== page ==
If possible, just like I've been doing, do you mind typing up the questions for everyone in the thread to read.

Might be nuggets of gold for us incoming analysts or those trying to transition into CB.

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Jan 9, 2019

Basically my question was - How does someone who is qualified for corporate banking lateral into Corporate Banking? I have only applied online and it has gotten me 1 phone call interview which led nowhere. So how does someone get into CB, because I work in middle market lending and partner with banks/asset managers on their loan syndications.

Jan 10, 2019

@thrwawy maybe you could offer some guidance on this question?

From my own experience personally, I applied to over 30 firms over a span of a weekend, reached out to workers of the firms and got to know the business/role/responsibilities, etc. and luckily stumbled upon an alumni who was working in CB at the time.

Leverage LinkedIn to the fullest. Literally type in "Corporate Banking Analyst" in the "people" search bar and filter it by location/bank/etc.

Networking and crafting your story as to why you are qualified will be your key points in breaking in. Then again this is just one POV, hopefully others will respond with their POV's.

Jan 10, 2019

Aside from the Analysts, who else did you reach out to network with? Doubt Analysts have any real input on hiring decisions on a candidate. You mentioned applied online, was that how you received your corporate banking interviews? Online applications have not done the trick for me yet - so I was looking for another avenue to lateral.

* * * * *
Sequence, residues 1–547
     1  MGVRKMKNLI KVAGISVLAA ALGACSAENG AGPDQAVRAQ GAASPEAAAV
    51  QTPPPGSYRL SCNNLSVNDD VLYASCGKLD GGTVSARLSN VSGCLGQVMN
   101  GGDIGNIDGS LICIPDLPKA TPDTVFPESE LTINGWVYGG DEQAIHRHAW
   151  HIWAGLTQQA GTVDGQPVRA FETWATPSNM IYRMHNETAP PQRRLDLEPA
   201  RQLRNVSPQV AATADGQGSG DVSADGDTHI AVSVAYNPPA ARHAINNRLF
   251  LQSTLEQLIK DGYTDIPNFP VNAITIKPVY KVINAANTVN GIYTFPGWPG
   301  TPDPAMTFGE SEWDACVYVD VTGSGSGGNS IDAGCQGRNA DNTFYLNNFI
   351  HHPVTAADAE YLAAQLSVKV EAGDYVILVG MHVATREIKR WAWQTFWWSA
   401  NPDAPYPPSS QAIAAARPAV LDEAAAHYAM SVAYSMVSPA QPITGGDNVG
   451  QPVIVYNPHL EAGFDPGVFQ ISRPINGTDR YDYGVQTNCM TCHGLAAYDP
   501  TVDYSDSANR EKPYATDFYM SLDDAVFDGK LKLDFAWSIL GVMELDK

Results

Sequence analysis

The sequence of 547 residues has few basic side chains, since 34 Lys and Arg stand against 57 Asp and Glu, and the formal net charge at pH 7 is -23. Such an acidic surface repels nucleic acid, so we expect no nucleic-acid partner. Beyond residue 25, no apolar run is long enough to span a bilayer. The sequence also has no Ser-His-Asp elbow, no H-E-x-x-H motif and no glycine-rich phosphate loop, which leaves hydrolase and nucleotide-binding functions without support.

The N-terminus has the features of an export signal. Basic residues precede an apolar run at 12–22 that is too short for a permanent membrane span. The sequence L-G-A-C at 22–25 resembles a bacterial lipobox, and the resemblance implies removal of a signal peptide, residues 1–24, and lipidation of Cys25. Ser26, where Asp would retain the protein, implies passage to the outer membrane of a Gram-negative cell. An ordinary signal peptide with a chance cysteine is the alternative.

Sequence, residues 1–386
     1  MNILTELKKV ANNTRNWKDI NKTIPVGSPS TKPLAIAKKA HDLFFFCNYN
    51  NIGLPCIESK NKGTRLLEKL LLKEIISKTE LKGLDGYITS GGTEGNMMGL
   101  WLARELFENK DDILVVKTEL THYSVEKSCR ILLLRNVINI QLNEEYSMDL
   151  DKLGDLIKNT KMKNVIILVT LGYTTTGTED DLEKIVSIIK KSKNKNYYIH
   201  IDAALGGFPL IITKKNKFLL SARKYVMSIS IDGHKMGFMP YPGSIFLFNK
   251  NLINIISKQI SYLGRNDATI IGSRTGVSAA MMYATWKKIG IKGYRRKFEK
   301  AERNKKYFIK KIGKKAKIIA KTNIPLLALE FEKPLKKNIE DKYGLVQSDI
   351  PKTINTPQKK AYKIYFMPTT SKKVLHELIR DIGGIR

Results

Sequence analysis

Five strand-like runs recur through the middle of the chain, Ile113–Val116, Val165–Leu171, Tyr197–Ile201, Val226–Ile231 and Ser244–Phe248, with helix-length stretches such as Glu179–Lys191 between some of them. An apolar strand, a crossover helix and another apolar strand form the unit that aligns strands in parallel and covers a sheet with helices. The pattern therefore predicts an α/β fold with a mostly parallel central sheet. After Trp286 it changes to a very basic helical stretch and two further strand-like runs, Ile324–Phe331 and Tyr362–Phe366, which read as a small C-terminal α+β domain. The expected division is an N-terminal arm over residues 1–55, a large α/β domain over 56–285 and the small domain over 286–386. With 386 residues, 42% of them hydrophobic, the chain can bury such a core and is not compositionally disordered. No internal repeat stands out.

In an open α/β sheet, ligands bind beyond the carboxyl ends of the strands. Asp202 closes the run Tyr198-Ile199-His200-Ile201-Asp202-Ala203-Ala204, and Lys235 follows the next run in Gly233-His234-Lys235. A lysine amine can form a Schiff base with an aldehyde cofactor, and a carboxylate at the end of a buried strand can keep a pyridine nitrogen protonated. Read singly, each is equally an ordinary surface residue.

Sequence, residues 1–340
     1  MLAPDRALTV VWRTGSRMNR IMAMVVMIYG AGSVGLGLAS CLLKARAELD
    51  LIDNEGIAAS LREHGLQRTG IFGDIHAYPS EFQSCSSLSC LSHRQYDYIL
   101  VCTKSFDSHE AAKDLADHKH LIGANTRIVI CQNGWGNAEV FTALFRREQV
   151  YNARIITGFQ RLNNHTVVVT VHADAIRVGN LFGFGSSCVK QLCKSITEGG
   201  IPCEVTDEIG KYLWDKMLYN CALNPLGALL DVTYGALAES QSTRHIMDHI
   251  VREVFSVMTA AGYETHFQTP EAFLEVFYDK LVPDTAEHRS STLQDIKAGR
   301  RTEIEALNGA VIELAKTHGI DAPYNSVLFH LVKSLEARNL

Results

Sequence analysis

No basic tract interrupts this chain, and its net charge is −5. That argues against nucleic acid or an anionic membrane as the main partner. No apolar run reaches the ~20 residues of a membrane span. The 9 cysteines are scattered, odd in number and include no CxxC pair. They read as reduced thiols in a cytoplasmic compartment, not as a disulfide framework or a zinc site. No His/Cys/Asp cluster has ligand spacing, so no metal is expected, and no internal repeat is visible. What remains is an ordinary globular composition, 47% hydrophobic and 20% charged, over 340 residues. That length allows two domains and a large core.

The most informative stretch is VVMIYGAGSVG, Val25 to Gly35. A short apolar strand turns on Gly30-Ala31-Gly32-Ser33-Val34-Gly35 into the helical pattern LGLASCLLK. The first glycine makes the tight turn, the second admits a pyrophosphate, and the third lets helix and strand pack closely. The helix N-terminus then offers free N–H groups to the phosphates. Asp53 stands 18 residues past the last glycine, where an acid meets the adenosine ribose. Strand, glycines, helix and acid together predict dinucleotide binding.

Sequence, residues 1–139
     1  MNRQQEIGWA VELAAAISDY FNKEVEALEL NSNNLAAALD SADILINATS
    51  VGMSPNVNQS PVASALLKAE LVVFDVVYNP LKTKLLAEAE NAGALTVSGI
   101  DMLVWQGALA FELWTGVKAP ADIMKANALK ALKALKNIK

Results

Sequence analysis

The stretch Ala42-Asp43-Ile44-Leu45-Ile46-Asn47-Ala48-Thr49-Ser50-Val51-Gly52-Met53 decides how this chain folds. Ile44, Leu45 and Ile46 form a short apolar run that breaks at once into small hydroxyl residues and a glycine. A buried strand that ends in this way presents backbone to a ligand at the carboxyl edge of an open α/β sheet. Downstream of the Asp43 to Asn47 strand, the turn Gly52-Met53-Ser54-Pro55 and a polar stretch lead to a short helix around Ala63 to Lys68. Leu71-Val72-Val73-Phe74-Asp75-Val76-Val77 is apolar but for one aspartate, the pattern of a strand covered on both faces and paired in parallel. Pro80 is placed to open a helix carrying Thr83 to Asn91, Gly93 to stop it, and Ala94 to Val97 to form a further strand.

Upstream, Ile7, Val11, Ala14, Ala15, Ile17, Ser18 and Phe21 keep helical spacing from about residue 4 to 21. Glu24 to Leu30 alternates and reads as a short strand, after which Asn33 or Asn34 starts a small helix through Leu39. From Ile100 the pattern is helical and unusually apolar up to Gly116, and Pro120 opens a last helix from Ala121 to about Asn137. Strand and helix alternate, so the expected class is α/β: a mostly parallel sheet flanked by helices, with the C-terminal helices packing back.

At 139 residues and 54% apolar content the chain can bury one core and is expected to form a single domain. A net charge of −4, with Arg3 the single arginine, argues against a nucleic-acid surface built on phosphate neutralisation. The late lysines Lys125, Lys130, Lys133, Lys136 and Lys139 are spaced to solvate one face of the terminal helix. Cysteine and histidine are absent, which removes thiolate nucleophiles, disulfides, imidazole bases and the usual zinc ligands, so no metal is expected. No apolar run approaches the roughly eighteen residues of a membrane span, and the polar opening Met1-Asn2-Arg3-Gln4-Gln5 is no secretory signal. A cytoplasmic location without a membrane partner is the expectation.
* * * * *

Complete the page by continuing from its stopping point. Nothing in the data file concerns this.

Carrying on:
Jan 10, 2019

Analysts may not have any input on the hiring decision but making friends with them will open the doors for any internal positions that open up and they ask all the analysts if they have any references in mind.

I also reached out to alumni, but mainly used LinkedIn and WSO's networking guide.

Yeah, by applying online over the last semester was pretty much how I got my first round of interviews. Then from there, it was just practicing and being myself.

Jan 12, 2019

Unfortunately my answer for this wouldn't differ much from the standard network hard, build relationships and prep your story. You're competing against a smaller number of people interested in the role relative to IB, but there are also far fewer spots so it probably comes up as a wash.

Jan 9, 2019

What is the difference between Commercial and Corporate Banking? Sorry for the dumb question but the definitions are different depending on what bank you go to.

Jan 10, 2019